The sun fuels our planet in many ways, providing thermal, electrical, and chemical potential energy. Our lab develops materials and strategies for three approaches for harnessing solar energy: 1) photovoltaics, 2) solar-to-fuel conversion, and 3) solar photocatalytic chemical transformations. Each approach is described briefly below:
1) Si photovoltaic (PV) cells are the most well-known form of modern solar energy conversion. However, while the price of Si PV cells has dropped dramatically in the past decade, we are starting to face fundamental limitations to decreasing the cost of Si PVs further. To achieve the U.S Department of Energy’s SunShot 2030 goals will require new approaches to decrease the $/Watt of cells, which can be achieved by either reduced materials/processing costs, or increased efficiency. To reduce manufacturing costs, our group explores nanostructured architectures consisting of earth-abundant materials that avoid the need for high temperature processing. To extend efficiency limits beyond single-junction Si, tandem solar cells are the natural technological evolution to improve efficient utilization of incident sunlight. Given the high performance perovskite-based solar cells, perovskite/Si tandem solar cells represent a potential low-cost pathway to boosting Si efficiency. Our research in this area is aimed at mass-producing high efficiency and low cost tandem solar cells, by to finely tuning material properties at interfaces with high throughput nanomanufacturing processes.
2) Owing to the intermittent nature of solar energy, finding new ways to store it for subsequent human use is a critical energy challenge, to provide fuels for the transportation sector, enable grid-scale load leveling, and drive industrially relevant chemistry. The process of solar-to-fuel conversion using semiconductor photoelectrochemistry is termed “artificial photosynthesis”, and mimics natural photosynthesis to store solar energy in the form of useful fuels such as hydrogen or hydrocarbons. Solar driven fuel production, using CO2 and H2O as inputs, provides a path for closed-loop, carbon-neutral, and sustainable fuel sources. Our group studies nanostructured semiconductors for enhanced light absorption and charge transfer, as well as atomically precise surface and interfacial modifications, to manufacture efficient, scalable, and sustainable direct solar-to-fuel systems.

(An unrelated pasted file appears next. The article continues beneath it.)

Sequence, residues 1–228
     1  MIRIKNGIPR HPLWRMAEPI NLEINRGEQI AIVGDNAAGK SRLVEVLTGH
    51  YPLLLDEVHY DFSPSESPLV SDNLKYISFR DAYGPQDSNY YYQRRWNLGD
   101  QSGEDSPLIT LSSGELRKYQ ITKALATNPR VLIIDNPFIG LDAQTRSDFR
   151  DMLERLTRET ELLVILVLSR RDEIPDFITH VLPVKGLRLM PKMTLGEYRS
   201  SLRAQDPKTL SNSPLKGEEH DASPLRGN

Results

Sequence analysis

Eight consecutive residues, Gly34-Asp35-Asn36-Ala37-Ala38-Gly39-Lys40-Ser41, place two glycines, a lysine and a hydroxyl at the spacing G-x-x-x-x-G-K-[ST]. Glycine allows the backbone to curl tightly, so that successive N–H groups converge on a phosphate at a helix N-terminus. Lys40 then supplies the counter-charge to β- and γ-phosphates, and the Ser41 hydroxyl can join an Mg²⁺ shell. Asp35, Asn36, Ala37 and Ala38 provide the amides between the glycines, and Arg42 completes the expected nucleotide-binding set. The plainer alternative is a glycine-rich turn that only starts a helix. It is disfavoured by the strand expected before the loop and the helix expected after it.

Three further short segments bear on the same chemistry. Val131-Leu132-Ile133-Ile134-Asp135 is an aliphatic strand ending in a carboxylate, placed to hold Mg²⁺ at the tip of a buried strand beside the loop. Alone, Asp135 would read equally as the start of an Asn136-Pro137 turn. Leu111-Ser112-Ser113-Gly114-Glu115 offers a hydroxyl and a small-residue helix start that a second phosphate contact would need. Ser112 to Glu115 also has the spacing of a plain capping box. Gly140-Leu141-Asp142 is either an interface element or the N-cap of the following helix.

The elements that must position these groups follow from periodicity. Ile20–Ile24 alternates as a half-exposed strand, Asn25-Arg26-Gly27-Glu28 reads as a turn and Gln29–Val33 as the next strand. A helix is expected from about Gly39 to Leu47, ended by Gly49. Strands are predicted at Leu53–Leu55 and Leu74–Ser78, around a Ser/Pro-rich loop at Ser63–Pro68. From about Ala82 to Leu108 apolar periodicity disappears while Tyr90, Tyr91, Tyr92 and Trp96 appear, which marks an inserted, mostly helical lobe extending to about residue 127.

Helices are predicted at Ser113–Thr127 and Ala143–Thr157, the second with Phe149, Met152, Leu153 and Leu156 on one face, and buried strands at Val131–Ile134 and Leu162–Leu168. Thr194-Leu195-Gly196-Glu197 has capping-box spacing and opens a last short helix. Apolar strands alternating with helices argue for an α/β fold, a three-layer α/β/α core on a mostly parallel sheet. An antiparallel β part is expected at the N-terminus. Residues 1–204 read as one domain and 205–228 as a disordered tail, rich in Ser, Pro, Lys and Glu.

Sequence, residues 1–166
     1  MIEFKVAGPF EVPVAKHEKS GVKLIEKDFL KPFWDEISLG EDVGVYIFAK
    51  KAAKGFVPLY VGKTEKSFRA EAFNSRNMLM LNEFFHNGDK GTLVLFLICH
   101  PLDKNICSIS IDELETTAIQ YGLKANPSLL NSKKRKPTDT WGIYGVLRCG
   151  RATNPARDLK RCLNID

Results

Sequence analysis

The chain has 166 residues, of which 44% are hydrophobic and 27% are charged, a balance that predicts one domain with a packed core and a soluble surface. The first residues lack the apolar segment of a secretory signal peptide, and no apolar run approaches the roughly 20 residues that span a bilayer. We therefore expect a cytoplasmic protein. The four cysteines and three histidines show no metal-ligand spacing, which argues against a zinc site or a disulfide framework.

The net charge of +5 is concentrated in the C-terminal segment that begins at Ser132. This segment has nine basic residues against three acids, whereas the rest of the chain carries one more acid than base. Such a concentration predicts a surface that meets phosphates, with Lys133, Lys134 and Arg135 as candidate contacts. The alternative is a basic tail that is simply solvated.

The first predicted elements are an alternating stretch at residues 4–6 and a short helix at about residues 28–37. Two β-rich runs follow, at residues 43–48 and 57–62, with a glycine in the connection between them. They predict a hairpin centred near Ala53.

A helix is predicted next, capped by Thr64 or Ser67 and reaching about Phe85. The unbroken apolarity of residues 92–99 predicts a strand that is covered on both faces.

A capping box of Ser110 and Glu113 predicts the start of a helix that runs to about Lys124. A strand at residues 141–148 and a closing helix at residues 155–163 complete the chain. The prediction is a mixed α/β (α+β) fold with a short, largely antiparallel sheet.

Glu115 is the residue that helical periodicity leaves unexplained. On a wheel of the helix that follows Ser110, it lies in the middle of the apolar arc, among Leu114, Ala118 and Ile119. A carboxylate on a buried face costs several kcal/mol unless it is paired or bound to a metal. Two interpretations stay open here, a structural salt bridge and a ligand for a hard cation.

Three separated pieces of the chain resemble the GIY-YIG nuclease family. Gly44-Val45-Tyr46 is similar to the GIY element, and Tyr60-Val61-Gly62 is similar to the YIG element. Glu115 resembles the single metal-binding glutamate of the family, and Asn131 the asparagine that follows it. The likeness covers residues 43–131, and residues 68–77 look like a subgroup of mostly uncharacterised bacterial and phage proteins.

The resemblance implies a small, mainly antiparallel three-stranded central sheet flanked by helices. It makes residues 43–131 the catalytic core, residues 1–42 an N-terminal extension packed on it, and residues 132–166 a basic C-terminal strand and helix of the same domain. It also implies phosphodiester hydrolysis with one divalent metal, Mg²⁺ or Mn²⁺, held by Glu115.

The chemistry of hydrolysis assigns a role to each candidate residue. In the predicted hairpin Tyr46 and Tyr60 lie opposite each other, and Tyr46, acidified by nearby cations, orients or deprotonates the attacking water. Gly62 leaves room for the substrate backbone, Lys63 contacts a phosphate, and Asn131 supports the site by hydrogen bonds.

3) While photovoltaics are effective for generating electricity, they do not currently have a strong impact on the industrial and transportation sectors. We are exploring radical new approaches to photocatalysis in order to boost the kinetics of reactions such as Haber-Bosch ammonia synthesis. Sunlight-assisted ammonia synthesis offers the unique possibility of influencing the energy-intensive and heavily-polluting industrial fertilizer production, which accounts for 1-2% of global energy use alone. This approach could be further applied in the future to reduce fossil-fuel heat inputs to industrial processing, which represents approximately 30% of U.S. Energy Use .
(1) R. E. Rodríguez, S. P. Agarwal, S. An, E. Kazyak, D. Das, W. Shang, R. Skye, T. Deng, and N. P. Dasgupta, “Biotemplated Morpho Butterfly Wings for Tunable Structurally Colored Photocatalysts”, ACS Appl. Mater. Interfaces 10, 4614 (2018). [link]
(2) S. Lee, A. R. Bielinski, E. Fahrenkrug, N. P. Dasgupta, and S. Maldonado, “Macroporous p-GaP Photocathodes Prepared by Anodic Etching and Atomic Layer Deposition Doping”, ACS Appl. Mater. Interfaces 16178 (2016). [link]
(3) A. B. Wong, S. Brittman, Y. Yu, N. P. Dasgupta and P. Yang, “Core–Shell CdS–Cu2S Nanorod Array Solar Cells”, Nano Lett. 15, 4096 (2015). [link]
(4) N. P. Dasgupta and P. Yang “Semiconductor Nanowires for Solar Photovoltaic and Photoelectrochemical Energy Conversion”, Front. Phys. 9(3), 289 (2014). [link]
(5) C. Liu, N. P. Dasgupta and P. Yang, “Semiconductor Nanowires for Artificial Photosynthesis”, Chem. Mater. 26, 415 (2014). [link]